The livelihood of the Fula Jalon is primarily based on farming and shepherding. Gathering forest produce, hunting, fishing, and trading are also part of their daily lives. Staple crops include millet, rice, and peanuts. Cattle herds, along with sheep and goats, are the primary livestock. The cattle are not the usual Fulani "humped" breed, but a native Fouta Djallon breed that is resistant to the disease-carrying tsetse fly.
Herding cattle is usually a male activity; however, the women milk and take care of the cattle. Women also care for the poultry and small livestock, as well as cultivate the gardens. Women often carry containers of milk and cheese to sell or trade in local markets.
Daughters remain with their mothers until they marry. However, as soon as a son reaches puberty, he leaves the family compound and lives alone in a nearby compound, usually with some cattle. This new compound becomes the home of the son and his future wife.
The first marriage of a man is usually arranged by the man's father. A bride-service of helping the girl's father with his livestock is performed by the man, who usually marries in his early twenties. Polygyny (the practice of having more than one wife) is practiced, up to the Muslim limit of four wives. There is one chief wife, however, who has authority over the other wives.
Children belong to "age-sets" until they marry. An age-set is grouped at three or four year intervals, with every child born in those years belonging to that set. The children in an age-set go to school together and may participate in community labor, or may help someone in their set with bride-service. Each age-set has a leader, a deputy, and a judge.
Although Fula Jalon villages are scattered, each village has a central court and a mosque. Houses belonging to the settled Fula Jalon are typically round with mud walls and thatched roofs. Each hut has an encircling verandah. The nomadic Fula Jalon live in open, beehive-shaped huts without walls or verandahs. Each hut is surrounded by a cattle corral. Each village has a headman who handles village affairs and answers to a paramount chief.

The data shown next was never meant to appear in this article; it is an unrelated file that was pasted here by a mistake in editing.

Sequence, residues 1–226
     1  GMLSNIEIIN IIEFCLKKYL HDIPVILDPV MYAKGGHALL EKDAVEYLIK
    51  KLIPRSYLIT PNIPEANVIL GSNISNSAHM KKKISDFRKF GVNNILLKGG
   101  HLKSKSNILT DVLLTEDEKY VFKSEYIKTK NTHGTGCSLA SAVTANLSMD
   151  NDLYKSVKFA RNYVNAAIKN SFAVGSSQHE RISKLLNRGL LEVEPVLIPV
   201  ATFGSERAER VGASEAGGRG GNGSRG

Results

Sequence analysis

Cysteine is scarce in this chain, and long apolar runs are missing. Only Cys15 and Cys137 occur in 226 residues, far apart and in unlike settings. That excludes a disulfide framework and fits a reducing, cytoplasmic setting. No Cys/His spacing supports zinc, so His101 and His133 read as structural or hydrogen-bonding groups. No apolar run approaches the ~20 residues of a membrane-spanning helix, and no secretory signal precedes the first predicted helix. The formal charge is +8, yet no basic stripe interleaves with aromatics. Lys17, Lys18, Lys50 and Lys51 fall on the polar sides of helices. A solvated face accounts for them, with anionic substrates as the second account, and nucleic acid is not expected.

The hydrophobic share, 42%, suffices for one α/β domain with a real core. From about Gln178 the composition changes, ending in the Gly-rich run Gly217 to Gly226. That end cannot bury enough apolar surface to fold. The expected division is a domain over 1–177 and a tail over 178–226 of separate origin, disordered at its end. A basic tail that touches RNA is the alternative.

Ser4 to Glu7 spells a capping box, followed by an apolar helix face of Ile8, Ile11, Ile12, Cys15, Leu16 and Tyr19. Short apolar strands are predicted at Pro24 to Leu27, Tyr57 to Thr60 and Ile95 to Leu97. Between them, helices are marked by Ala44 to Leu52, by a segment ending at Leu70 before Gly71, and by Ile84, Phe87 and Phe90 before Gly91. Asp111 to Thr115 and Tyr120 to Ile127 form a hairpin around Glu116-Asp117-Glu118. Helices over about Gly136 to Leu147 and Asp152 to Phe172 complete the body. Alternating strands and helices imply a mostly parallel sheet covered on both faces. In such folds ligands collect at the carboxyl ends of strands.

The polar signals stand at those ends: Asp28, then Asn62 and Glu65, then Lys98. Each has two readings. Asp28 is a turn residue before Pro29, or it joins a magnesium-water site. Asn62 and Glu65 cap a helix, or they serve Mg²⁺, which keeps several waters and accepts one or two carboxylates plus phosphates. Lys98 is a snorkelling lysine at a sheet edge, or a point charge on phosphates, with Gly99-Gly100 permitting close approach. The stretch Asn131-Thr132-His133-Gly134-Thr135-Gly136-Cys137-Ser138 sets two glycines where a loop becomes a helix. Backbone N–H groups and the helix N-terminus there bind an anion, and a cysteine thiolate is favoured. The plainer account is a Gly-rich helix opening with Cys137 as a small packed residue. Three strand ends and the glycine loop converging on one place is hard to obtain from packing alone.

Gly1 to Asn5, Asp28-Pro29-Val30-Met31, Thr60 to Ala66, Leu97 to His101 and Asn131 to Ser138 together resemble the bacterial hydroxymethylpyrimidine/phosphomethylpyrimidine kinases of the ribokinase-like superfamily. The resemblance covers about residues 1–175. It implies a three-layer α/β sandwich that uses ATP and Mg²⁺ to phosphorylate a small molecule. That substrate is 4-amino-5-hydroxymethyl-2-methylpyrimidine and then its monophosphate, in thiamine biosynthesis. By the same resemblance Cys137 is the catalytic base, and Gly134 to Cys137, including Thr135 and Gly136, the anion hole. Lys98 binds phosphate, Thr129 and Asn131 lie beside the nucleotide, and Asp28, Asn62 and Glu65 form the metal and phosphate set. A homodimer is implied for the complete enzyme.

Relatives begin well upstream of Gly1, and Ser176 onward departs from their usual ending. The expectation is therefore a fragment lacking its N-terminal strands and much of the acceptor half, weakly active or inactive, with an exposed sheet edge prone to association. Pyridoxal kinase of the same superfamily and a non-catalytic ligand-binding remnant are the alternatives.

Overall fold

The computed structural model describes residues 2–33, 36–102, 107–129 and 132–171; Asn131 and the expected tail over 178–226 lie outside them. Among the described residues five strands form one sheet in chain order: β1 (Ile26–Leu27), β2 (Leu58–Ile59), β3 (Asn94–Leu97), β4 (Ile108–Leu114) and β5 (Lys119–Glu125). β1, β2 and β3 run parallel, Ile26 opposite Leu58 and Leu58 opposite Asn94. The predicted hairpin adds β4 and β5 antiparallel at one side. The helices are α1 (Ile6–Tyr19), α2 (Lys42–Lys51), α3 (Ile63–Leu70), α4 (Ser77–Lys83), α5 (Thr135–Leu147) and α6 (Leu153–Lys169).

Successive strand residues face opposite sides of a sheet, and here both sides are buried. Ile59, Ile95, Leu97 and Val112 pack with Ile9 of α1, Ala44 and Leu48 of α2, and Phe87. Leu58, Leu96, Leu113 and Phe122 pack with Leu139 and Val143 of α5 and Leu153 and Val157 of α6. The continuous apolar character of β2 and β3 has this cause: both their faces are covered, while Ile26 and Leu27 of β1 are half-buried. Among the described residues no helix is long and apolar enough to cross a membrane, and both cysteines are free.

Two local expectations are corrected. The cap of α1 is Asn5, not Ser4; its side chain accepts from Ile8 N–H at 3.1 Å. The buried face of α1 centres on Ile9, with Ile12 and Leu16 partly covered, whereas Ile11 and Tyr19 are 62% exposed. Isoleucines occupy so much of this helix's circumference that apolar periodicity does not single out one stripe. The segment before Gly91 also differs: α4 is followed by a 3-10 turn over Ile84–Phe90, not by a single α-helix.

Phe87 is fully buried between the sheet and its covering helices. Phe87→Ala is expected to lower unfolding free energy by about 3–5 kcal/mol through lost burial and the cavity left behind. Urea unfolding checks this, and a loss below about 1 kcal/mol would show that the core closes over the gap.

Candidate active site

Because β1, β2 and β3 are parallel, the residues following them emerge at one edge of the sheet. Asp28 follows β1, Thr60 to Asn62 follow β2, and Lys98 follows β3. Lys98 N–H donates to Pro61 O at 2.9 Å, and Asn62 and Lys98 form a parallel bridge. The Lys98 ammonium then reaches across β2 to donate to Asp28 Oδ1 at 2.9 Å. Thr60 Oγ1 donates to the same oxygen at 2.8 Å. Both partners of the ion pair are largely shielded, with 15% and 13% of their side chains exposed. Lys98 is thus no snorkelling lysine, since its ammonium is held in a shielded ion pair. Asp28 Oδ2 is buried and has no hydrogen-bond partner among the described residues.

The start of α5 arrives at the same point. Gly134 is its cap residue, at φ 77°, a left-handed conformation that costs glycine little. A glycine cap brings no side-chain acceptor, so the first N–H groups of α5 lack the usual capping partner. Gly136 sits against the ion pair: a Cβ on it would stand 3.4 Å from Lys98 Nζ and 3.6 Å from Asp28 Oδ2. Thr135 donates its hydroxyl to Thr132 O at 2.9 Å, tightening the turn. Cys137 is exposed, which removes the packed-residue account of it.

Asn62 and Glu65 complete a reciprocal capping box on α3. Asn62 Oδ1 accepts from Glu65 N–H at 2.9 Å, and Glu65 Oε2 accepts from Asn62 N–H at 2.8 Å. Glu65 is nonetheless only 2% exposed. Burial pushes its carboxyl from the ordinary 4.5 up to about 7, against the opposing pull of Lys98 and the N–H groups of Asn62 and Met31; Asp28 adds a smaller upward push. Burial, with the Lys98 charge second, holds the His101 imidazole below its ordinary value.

What are their beliefs?
The Fula Jalon are almost completely Muslim, faithfully following the teachings of the Koran (Islam's "holy book"). They believe that Allah is the only god and that Mohammed is his prophet. Islamic schools are also set up for the children in some of the villages.
What are their needs?
Efforts to evangelize these people have resulted in only a very small number of Fula Jalon believers. They are apparently very devoted to their Islamic religion and see it as a fulfillment of their needs. To win these people to Christ, further prayer is needed for God to open their hearts and eyes to the Truth.
* Ask the Lord of the harvest to send full-time messengers to share the Gospel with the Fula Jalon of Guinea.
* Pray for effectiveness of the Jesus film among the Fula Jalon.
* Pray that God will give the small number of Fula Jalon believers boldness to share Christ with their own people.
* Ask God to raise up prayer teams who will begin breaking up the soil through worship and intercession.
* Ask the Lord to bring forth a triumphant Fula Jalon church for the glory of His name!
* Pray for completion of Bible translation in this people group's primary language.
Profile Source: joshuaproject.net